6. October 21st 2012 ~ Rome, Italy
It was a nice place, where Daniel had decided to take Amanda.
They were seated in a private booth, the round table was covered by a red and white checkered cloth and a single crystal glass vase sat on the centre holding a solitary red rose.
The waiters wore crisp white shirts and black waistcoats. Daniel himself was wearing a three-piece set - no tie, however. His hair was still very much untamed and the brown, padded brace he wore on his arm was visible beneath his sleeve.
Very expensive. Very classy. Not at all anything Amanda had expected of him. Unfortunately for her, however - sitting in the tight black, strapless dress and highly uncomfortable shoes as she was - her date hadn't said a word to her in the last twenty minutes. Unless “Mm?” was a word, in which case he'd spoken a great deal.
The fingers of Daniel's right hand drummed on the table-top continuously, trying his utmost best to avoid eye-contact and he had barely had any of the food he had ordered. He had had a substantial amount of wine, though.
Amanda put down her knife and fork, and pushed her plate away. This caught Daniel's attention and he turned to her as she folded her arms on the table, “I don't understand you,” she said at last.
“Mm?” Daniel said.
“Is this a date?” she asked, “Or are you feeding me out of self-loathing and regret? If it's the latter, I don't see why I've gone to the trouble of destroying my otherwise perfectly-functioning feet.”
Daniel sucked in his cheeks, and mumbled something.
He cleared his throat, “Nobody asked you to destroy your feet.”
“You said to wear something nice.”
“And that means bad shoes?”
“Well, it doesn't mean go barefoot, now, does it?”
Daniel chuckled, “I'm sorry... I, uh, haven't done this... in a while.”
“You make it look a lot harder than it is.”
“You decided not to say a thing to me. I don't see how that would get you on my good side.”
“I was hoping you'd feel sorry for me.”
“Oh, I do, but not in a his-life-is-so-sad-he's-definitely-getting-laid-tonight kind of way. More like the I-should-pat-him-on-the-head-and-give-him-a-hard-candy kind of way.”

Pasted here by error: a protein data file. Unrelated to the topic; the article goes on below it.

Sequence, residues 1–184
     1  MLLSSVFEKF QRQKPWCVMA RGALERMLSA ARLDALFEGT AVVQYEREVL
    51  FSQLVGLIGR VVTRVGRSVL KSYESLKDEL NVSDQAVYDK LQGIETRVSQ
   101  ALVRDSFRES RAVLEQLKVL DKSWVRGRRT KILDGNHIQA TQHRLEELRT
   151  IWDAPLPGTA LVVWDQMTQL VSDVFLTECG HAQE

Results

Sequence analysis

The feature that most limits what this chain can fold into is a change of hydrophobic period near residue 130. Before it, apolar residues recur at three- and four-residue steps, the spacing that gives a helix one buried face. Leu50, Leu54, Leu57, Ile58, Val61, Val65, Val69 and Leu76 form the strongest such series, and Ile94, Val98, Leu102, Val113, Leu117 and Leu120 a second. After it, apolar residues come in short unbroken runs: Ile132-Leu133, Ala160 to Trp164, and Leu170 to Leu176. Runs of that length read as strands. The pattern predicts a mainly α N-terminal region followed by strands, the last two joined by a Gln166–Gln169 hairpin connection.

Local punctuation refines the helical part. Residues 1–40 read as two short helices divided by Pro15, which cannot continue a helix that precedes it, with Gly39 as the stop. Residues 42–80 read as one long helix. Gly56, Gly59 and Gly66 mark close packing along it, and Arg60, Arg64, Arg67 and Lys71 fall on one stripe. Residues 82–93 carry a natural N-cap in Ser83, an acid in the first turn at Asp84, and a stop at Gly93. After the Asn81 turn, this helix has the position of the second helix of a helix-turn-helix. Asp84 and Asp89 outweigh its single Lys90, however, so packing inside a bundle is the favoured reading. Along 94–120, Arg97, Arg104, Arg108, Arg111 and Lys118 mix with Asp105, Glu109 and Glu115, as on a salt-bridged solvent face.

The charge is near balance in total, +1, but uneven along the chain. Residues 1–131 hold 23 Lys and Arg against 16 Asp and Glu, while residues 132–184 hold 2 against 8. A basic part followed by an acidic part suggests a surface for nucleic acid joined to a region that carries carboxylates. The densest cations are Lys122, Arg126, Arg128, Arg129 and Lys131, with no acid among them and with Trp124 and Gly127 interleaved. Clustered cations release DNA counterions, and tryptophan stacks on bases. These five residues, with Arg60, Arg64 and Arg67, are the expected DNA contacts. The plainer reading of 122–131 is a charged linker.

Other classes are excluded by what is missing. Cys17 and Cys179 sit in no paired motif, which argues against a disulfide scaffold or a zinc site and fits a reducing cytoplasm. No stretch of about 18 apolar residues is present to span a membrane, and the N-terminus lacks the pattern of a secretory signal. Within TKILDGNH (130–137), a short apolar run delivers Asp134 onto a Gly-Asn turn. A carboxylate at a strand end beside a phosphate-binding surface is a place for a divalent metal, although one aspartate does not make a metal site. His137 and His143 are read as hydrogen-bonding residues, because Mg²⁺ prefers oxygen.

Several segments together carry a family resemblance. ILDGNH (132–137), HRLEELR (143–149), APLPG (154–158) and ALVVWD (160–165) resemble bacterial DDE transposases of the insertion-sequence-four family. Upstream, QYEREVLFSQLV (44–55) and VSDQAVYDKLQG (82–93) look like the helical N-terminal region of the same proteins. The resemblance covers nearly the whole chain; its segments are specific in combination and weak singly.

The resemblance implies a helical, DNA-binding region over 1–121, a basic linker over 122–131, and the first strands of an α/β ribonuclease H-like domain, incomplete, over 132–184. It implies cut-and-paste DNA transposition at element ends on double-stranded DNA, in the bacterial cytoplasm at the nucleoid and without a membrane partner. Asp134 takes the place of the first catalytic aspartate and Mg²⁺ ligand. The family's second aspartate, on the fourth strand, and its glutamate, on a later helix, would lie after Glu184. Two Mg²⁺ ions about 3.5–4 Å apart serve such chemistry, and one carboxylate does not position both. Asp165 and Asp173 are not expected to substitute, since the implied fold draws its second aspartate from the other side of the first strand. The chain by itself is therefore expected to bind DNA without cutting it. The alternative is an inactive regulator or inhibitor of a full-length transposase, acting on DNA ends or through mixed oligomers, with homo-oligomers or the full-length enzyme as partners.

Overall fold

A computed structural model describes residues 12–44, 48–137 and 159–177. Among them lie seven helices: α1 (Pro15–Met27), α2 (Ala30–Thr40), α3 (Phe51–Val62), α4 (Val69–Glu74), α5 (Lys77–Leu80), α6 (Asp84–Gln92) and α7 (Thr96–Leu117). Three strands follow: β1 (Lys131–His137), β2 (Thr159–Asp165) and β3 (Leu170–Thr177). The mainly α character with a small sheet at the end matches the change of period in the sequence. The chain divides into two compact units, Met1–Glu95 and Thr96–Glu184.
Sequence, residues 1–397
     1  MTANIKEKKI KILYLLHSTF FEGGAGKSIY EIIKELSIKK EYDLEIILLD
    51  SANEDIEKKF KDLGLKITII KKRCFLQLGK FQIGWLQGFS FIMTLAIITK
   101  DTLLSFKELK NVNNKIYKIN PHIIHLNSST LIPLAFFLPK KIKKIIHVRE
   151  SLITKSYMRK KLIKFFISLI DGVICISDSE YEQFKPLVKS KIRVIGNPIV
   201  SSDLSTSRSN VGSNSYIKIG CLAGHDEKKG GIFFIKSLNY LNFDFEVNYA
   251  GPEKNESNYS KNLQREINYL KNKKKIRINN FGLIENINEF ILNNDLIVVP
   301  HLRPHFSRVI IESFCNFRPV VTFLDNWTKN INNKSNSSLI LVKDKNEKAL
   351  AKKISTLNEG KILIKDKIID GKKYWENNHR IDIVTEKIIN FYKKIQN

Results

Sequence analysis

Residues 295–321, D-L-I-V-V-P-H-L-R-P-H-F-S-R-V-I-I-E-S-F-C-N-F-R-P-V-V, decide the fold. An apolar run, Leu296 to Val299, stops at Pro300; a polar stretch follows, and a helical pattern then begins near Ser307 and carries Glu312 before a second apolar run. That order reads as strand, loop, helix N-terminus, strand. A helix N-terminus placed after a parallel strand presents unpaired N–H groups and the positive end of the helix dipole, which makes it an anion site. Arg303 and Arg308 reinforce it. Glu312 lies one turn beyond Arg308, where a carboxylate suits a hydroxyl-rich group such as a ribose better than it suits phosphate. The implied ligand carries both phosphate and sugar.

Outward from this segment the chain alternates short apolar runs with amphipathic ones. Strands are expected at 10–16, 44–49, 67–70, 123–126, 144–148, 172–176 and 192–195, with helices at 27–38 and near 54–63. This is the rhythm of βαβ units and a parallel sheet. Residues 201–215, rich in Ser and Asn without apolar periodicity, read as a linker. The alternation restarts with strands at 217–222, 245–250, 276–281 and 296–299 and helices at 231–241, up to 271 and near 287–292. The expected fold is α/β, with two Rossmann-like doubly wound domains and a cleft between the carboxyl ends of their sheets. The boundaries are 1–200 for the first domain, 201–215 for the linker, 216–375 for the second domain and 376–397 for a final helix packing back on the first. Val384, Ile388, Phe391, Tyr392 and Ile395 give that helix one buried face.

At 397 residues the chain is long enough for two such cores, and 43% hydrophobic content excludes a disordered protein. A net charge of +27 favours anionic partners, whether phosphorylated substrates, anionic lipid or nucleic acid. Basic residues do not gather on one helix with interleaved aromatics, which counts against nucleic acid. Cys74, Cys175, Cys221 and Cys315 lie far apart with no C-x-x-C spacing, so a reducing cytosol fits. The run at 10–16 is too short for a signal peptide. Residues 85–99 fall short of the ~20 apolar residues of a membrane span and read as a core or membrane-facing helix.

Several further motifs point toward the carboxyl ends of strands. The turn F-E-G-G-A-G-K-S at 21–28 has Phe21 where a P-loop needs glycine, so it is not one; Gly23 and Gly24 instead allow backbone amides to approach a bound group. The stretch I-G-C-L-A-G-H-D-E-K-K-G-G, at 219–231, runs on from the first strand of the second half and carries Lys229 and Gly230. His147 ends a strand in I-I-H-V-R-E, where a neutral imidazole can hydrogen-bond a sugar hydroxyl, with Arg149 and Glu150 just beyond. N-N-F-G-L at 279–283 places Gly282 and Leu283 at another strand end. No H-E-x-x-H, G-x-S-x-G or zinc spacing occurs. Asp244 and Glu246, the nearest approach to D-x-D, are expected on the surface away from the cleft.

Daniel rolled his eyes, “How would you have gone about this then?”
“I would have gone with - oh, I don't know: 'Hi, Amanda, how was your day? Nice place isn't it? See, I'm not really the sloppy drunk you see traipsing through your home all the time. I'm actually a rich billionaire who pretends to be poor so smoking-hot chicks like you feel bad for me.'”
Daniel scoffed, “Your American accent is terrible.”
“Yes, well,” Amanda stuck her tongue out, “it's rich coming from the American who doesn't talk so much that I can pick it up from him.”
Daniel smiled, pausing a moment, “So, how was your day?”
Amanda shrugged, “I had a few lessons, chased the kids for their homework.”
“A bit old for a student and a bit young for a mother, aren't you?”
“No,” Amanda snorted, “I teach Italian kids English.”
“That's the extent of your commentary on that?”
“And...” Daniel sighed, “How does that work out for you?”
“It's nice. I mean, the kids drive me straight-up crazy at times, but it's a subject I like and being British seems to have its privileges,” Amanda paused, “What... what do you do for a living?”
Daniel could have told her anything at that moment. He could have told her that he was a suicidal dentist who'd recently been sacked, or an obsessed historian who had realised that his career choice was fruitless, or a post-traumatically-stressed veteran that was living off government funds.
Instead, he chose to say, “I'm... not supposed to say.”
Amanda furrowed her brows, “What do you mean?”
Daniel chewed his tongue, “Erm...”
“Do you work for the government or something?”
“Something like that, yeah,” he drank some of his wine.
“My, my,” Amanda drank from her glass of wine slowly, “who would have thought it? How do you introduce yourself?” Amanda made a mocking face, imitating Daniel's voice by deepening hers, wriggling her eyebrows, “'Name's Cross. Daniel Cross.'”
Daniel snorted, and choked on his drink. He coughed and spluttered for a short while, getting red drops of wine on his white shirt.